More projects have been chosen in the federal government’s Rebuild by Design campaign. These will add natural protections in the waters off of the Staten Island shore, the New York Harbor and the South Bronx shoreline. These projects, on the other hand, need additional funding and political support in order to be completed. The problem is that we need significant changes now. With the rate of climate change and dangerous storms, something needs to be done now to protect this area from future trouble.

As the two-year anniversary has approached, there are still many aspects and areas that need to be fixed. For one, New York City’s “Build It Back” program has stalled. It was launched after the storm to rebuild damaged or destroyed homes and cover out-of-pocket expenses for the homeowners and businesses. It was revealed by the city’s Department of Investigation that 90 percent of applicants have yet to receive any assistance – that is 14,000 homeowners.

In addition, the Federal Emergency Management Agency originally gave $1.4 billion for disaster relief in five different states. However, they are asking for some of its money back. The Associated Press learned in September that FEMA asked about 850 households to return $5.8 million. The agency mismanaged the amount of money they could give and now about $53 million is under review.

As the hurricane season of 2014 is coming to a close, we can only look forward to the city’s proposed protection of the coastlines and hope that the area is not hit hard by another storm before the construction can be finished in the coming years

Jaspers Finish Season on a High Note

Fun. Exciting. Inconsistent.

Members of the Manhattan College women’s soccer team (3-5-2 MAAC, 8-8-2) described their 2014 season as it was coming to an end. They finished the season with a strong 4-2 win against MAAC opponent Saint Peter’s. It was a bittersweet moment for the team as it was their final game playing together.

“We just wanted to play for each other,” senior Daniella Morgante said about her final game. “As seniors, we wanted to take the last four years and put it into one game.”

Their win against Saint Peter’s was their 17th straight over the Peacocks. Sophomore Tara Teal found the back of the net first for the Jaspers off a pass from senior Aislinn McIlvenny. Sophomore Lizzy Carlson scored with an assist by Teal to give Manhattan a 2-0 lead.

“We had the best record since I’ve been here,” senior Shannon Garrity said. “Everyone has contributed so much this year, on and off the field.”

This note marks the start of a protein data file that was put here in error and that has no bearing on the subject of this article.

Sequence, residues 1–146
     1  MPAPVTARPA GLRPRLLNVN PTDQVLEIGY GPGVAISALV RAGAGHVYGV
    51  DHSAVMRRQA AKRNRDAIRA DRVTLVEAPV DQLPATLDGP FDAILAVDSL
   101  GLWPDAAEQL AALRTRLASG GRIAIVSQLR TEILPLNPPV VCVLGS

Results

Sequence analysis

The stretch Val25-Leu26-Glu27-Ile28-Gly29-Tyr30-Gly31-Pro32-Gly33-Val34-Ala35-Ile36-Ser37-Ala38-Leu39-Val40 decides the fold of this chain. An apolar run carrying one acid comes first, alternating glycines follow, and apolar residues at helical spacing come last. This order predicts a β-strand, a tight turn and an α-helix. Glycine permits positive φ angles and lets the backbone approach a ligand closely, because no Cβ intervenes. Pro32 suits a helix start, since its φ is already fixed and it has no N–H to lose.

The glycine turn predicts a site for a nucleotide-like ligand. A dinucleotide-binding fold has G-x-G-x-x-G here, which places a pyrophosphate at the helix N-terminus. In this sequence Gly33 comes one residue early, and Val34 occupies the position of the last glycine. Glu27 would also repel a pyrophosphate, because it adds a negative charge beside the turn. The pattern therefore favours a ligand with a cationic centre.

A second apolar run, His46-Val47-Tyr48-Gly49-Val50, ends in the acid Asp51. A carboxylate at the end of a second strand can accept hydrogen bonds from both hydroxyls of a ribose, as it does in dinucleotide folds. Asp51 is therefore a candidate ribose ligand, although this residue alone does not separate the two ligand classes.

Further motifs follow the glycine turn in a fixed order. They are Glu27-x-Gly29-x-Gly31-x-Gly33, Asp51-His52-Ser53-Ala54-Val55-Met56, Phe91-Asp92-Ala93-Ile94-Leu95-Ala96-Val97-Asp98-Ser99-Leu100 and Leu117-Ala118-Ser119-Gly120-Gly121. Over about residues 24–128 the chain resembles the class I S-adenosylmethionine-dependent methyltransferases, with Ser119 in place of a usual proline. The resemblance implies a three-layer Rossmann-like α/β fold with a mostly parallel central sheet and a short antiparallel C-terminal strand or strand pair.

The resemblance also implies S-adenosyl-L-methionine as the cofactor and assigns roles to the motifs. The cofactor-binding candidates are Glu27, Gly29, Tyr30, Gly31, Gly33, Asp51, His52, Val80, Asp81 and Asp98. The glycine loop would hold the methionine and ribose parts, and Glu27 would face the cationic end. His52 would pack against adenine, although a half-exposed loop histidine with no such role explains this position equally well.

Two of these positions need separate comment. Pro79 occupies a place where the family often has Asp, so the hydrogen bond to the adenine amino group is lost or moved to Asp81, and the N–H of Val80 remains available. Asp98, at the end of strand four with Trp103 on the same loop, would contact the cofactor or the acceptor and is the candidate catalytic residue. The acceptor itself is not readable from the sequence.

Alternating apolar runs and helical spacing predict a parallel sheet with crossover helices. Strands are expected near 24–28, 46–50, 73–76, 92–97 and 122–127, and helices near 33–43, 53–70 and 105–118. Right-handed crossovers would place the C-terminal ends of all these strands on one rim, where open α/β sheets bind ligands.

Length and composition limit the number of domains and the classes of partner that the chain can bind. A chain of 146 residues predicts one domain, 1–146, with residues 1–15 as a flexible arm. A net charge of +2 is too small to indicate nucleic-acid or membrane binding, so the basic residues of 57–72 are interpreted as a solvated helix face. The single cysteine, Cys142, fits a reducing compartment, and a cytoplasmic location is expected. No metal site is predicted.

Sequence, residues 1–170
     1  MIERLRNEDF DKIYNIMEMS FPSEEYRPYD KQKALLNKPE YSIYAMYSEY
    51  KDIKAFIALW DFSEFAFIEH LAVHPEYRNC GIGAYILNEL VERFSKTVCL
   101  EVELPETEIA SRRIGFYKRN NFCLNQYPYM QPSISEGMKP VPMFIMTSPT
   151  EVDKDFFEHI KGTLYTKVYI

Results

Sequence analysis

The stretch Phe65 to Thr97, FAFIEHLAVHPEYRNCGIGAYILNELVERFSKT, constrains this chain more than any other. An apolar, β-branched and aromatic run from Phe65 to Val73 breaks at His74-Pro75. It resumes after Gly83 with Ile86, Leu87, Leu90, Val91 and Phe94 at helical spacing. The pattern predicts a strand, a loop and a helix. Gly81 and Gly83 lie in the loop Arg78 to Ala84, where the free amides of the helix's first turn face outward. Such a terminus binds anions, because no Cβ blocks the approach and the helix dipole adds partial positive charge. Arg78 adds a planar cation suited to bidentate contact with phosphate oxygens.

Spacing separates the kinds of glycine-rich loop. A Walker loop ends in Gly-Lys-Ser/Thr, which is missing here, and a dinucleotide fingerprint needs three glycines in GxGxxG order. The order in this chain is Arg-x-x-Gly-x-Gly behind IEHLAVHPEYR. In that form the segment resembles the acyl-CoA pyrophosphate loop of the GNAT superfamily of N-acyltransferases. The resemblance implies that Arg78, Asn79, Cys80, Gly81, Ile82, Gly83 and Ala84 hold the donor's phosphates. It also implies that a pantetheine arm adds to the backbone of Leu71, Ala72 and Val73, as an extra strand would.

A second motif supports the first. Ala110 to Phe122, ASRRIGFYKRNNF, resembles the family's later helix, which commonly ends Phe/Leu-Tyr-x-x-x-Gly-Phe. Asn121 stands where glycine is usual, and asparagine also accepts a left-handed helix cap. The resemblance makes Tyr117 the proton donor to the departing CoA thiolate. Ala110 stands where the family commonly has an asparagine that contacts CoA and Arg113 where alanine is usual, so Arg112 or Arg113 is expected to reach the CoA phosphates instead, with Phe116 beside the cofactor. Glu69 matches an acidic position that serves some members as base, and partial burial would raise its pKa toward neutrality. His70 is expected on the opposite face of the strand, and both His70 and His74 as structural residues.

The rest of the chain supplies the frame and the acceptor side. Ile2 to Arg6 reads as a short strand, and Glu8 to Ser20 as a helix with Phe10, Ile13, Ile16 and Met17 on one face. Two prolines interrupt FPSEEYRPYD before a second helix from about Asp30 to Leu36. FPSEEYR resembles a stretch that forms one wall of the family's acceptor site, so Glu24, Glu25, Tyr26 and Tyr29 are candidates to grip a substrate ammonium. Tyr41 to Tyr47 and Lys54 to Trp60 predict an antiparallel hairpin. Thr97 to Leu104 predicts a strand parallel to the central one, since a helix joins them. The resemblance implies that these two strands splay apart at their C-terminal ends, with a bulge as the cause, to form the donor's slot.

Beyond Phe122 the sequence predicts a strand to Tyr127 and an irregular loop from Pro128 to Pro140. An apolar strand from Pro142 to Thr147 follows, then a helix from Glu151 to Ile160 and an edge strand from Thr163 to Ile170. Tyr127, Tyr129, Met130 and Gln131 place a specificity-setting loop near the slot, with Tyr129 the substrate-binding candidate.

Saint Peter’s responded quickly before McIlvenny scored on a penalty kick about 20 minutes into the second half, her 10th of the season. Freshman Dylan Burns recorded her first career goal and sealed Manhattan’s 4-2 victory. As the season came to a close, the team had positive thoughts on what they accomplished this year.

“Something to be proud of is getting through the season with limited players,” assistant coach Sarah Brady said. “We were hit terribly with injuries. The positive is that is younger players stepped up and kept us within the running. I couldn’t be prouder of the players who stepped in.”

Freshman Carly Perry also looked on the plus side when it came to overcoming injuries.

“I feel like we did really well despite the injuries. We only had two subs for a good chunk of the season,” Perry said. “So it’s really cool that we were able to pull off some wins.”

The team was happy to finish on a high note after a tough loss against Canisius to eliminate them from playoff contention. Their chances were left up to that game, and it did not go in their favor. However, the team stayed positive that the loss would help them in the future.

“Any high-pressure situation like that is hard,” Morgante said. “There’s so much on the line. The only thing you can do is be there for each other and support each other no matter what happens, and that’s what we did.”

In their final week of the season, members of the team looked back at their impressive season and how to improve for next year. Injuries were one factor that the team hopes won’t affect them so much in the future. The team also tended to sit back on defense more and being more offensive is something they want to change.

“We gave up some soft goals, ones that we could have definitely avoided,” Assistant Coach Sarah Brady said. “That’s probably the most disappointing thing. There was nothing that absolutely ripped us apart, but we kept making the same errors.”

“Going forward, we’ve got to work on defense,” Garrity said, “and clearing balls out of the box and the air. On the attacking side, we need to work on finishing our opportunities.”